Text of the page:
I will have to say the Cuban people we had the privilege of working with over a six-week period were absolutely unbelievable!  We learned so much from each other.  Not only about field maintenance,  but about the world where potusthey live.  We shared meals daily.  We drank Cuban coffee out of a water bottle.  Drank Montero Narajaro soda.    We talked about our families, tipped some local Galion Rum ( that’s not gallon that’s Galion a Cuban brand) at the end of the day an laughed about simple daily events.  It was a true exchange of culture while building relationships between two people who love the game of baseball an shared the same passion for sportsturf management.

edging by hand

Oscar hand edging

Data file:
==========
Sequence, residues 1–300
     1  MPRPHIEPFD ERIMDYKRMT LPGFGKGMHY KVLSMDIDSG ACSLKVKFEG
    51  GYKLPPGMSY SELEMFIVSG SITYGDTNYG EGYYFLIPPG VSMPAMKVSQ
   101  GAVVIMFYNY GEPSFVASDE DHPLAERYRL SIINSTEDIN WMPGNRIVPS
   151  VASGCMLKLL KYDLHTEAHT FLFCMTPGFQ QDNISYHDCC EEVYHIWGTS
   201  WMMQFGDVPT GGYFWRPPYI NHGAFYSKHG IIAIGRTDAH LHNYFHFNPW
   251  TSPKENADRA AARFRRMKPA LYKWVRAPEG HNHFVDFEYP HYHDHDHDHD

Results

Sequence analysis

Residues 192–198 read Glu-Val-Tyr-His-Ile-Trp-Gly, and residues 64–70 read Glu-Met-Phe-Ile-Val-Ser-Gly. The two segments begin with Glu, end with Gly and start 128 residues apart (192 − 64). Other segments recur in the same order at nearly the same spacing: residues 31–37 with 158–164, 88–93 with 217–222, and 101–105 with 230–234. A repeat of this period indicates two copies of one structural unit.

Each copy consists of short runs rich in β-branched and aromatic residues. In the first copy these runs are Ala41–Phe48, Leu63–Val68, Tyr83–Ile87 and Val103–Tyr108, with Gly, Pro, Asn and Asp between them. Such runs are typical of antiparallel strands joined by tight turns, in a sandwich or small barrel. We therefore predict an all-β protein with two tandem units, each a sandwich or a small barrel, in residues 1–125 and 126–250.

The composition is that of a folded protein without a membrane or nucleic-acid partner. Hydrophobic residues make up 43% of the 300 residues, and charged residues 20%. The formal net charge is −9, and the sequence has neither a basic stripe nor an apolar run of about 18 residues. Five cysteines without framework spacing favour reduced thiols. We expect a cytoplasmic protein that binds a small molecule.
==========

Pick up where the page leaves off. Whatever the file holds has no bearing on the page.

As the event began to take shape we did not have full buy in by the Cuban government for delivering us materials so what resources they had were slow to come.  Eventually, once both country leaders confirmed they were attending the event, resources i.e: labor from the Varadara golf course, local products , a loader and assorted street rollers (and more wheel barrels) started to roll in daily.   Meanwhile we were working up a list of “Whitehouse” approved sportsturf equipment and materials that would be (legally) shipped to the country about 2 weeks before the event.   I mentioned earlier something about the poor condition of their local shovels and rakes.   Well , we barged over numerous new landscape rakes, tamps, shovels and hand tools etc…designed for baseball field maintenance.  We also brought our Cuban friends infield clays an conditioners from Duraedge and Diamond Pro.  We even shipped over a TORO Sand Pro, edgers , tillers , plate compactor , CoverMaster tarps, Beacon ballfield equipment , C&H cages,  OMG it was Feliz Navidad!!   To the point some of my Cuban friends began to cry.    Especially Oscar who had hand edged the entire field with a 3 ft machete for years.  He watched the new gas powered edger trim a line in minutes with disbelief.   I believe Juan was most excited about the big plastic tarp culvert for the new field tarp.   What they had before was a steel culvert that weighed 5 tons.  It was not movable unless you had 40 people.  They had no idea specialized hand tools had been designed for ballfields.  It was such a great feeling to give these products to the grounds staff at the stadium on behalf of MLB and the MLBPA.